When Pasquala Rumalda Quintana de Archuleta (Paski)'s father returns to Taos from a business trip wearing a velour Juicy men's track suit, she knows her life is taking a turn for the worse. Paski and her father move to Southern California, where his comic strip has been optioned for a movie.
At her new high school, money is everything and the haters rule - especially beautiful, cruel Jessica Nguyen. While Paski tries to concentrate on mountain biking and not thinking too much about ultra-hot Chris Cabrera, she is troubled by visions. Her psychic grandmother warned that ignoring her gift would lead to trouble. Can Paski ever find a home in the land of the glamorous haters?
Like many others, this book has been on my shelf for a while, and what really pulled me into buying it was the amazing cover and the synopsis that seemed to promise an edgy and unusual twist to the typical YA high school drama novels. It didn't really deliver the edginess and uniqueness that I longed for, but it was still an O.K. novel that I recommend to readers who don't mind the over-done cheesy high school plot.
Having said that, probably my most favourite element was the romantic relationship that ensued between our heroine and Chris, and Paski's Dad's reaction to it as well. I found that it was so well executed and realistic, and I can tell that the author's views on sexuality are the same as mine, and I loved the subtle incorporation into the book.
So the book jacket did also promise some psychic abilities on the part of Paski, but I don't know if it was just me, but I think I kind of ignored that in favour of the 'Haters' aspect mentioned. I think I pictured more of a darker bullying theme, rather than the quite inconsequential and light mean girls aspect that was woven throughout Paski's odd struggles with clairvoyancy.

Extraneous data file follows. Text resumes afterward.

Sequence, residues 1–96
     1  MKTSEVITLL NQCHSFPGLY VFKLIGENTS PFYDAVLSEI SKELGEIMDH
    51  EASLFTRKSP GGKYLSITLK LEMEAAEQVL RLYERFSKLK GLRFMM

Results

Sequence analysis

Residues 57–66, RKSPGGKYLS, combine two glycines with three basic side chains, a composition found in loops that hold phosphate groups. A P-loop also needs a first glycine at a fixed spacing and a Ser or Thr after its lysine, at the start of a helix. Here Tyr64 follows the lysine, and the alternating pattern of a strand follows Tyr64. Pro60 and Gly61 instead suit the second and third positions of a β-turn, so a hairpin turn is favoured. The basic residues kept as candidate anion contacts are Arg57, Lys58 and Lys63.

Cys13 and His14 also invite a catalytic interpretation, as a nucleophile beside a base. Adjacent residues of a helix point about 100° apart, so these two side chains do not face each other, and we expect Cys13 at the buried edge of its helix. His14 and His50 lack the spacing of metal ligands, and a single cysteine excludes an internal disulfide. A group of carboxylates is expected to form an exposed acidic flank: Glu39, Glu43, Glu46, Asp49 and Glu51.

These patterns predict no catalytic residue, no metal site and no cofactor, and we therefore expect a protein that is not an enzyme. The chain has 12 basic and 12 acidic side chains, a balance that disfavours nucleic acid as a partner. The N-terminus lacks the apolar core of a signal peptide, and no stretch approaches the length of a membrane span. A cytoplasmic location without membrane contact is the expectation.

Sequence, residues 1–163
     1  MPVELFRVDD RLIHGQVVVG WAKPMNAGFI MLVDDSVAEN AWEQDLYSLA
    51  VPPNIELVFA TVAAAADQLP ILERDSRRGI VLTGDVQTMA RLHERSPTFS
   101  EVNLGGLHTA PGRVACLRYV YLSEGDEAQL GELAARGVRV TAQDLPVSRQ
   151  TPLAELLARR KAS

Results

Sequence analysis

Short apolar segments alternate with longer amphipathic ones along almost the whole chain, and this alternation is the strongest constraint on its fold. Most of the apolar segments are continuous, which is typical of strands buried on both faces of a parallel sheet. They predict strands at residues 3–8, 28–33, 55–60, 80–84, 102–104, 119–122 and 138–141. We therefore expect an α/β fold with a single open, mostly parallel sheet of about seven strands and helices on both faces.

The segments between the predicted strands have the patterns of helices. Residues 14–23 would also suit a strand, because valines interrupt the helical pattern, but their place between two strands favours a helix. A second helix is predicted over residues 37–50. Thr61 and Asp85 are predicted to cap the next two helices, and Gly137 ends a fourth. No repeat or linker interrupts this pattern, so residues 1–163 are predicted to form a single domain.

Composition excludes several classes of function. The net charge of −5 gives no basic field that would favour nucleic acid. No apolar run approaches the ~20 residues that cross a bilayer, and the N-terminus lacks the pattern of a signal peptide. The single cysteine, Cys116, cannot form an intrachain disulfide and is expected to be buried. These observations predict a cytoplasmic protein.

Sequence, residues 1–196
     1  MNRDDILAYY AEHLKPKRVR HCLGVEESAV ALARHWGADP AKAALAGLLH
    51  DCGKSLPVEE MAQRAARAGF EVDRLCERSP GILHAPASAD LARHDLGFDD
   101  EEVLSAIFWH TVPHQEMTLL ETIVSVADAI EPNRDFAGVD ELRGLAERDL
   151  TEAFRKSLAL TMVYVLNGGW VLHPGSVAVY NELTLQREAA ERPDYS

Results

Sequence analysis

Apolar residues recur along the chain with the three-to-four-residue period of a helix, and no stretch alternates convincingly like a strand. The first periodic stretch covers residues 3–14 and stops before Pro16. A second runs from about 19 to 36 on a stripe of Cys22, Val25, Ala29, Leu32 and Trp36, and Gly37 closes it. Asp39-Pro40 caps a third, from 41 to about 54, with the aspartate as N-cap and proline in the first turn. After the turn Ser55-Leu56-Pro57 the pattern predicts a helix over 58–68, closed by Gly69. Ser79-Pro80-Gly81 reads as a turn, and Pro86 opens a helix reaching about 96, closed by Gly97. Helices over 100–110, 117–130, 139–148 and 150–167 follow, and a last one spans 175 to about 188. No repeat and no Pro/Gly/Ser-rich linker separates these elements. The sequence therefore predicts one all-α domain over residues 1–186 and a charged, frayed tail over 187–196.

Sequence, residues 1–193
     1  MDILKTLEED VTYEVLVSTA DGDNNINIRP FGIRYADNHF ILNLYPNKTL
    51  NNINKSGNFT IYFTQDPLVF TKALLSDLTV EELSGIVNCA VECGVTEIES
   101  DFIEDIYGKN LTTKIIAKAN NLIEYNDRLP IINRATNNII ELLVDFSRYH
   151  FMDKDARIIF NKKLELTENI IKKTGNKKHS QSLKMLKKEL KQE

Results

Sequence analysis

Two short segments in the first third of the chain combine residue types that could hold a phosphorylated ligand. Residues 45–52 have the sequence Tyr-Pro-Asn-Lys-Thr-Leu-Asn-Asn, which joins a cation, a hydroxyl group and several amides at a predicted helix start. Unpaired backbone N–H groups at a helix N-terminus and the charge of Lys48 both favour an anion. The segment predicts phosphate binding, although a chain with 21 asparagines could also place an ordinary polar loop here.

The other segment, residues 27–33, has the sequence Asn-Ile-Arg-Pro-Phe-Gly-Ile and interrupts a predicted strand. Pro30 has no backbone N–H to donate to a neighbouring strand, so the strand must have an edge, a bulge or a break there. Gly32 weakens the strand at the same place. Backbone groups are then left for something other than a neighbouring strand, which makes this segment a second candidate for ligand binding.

Overall, I think that the messages in the novel are great, even if some are a little bit too predictable and unrealistic. This book should be read by young readers who enjoy mean girl themes with a little bit of supernatural tied in. The message about sexuality is definitely the selling point, and I think that it can be related to every reader, and sends a very realistic and strong message that should not be ignored, and really should be present in all YA novels!
Spoiler Alert: Don't read past this point if you don't want to know specific book details!
So the book starts out rather predictably with Paski moving to a different place after her (quite weird) father gets a movie deal for his comic book series. Of course Paski has trouble adjusting, but I was hoping for a less cliché aspect to be present, which kind of peeked out a little bit at me, but never really delivered completely.
For instance, I loved how twisted Jessica Nguyen seemed when she practically tries to kill Paski and throws her in the pool after her friend drugged her. But the reactions and developments of the characters never seemed to encompass the dysfunctionality that I was expecting. I think that the author was trying to convey too many important plot aspects, and didn't really have time to develop any of them into greatness. The visions were probably the thing that I could've done without the most. They seemed way too cheesy, and I didn't really expect them to be so out there throughout the novel. I hated how Paski seemed so blasé about them and how she just went around telling people without repercussions. It came across as very tacky.
Probably my favourite part, as with any book, was the romance aspect. At first, the relationship between sexy Chris Cabrera and Paski seemed cliché and predictable with a hint of unrealistic, but I was willing to overlook that in favour of the amazing allegorical themes that a young reader would hopefully take away from the book: that sex should be talked about, and it is OK to see it in young adult novels. Nothing about it was vulgar or obscene like our society dictates, and what teens really need to know is the exact sentiment expressed by Paski's father: that sex is something great shared between two people who love each other, and is perfectly normal, as long as the proper precautions are taken in preventing unwanted pregnancies and sexually transmitted diseases. The hook-up scenes seemed so realistic, and I kept thinking to when I was in high school, and it was like she took the memories right from my head! Valdes-Rodriguez definitely hit the nail on the head by going beyond regular YA novels. I felt that just the right amount of awkwardness was present, and it depicted perfectly the struggles that teens face today, in regard to dealing with their sexuality.
Ok, moving on... I mostly found the book well done, if a little predictable. The ending did seem to wrap up rather suddenly, some of the dialogue was a little cheesy, and at times I felt that our heroine, Paski didn't deserve as much sympathy as she thought she did, but I think this book is worth reading!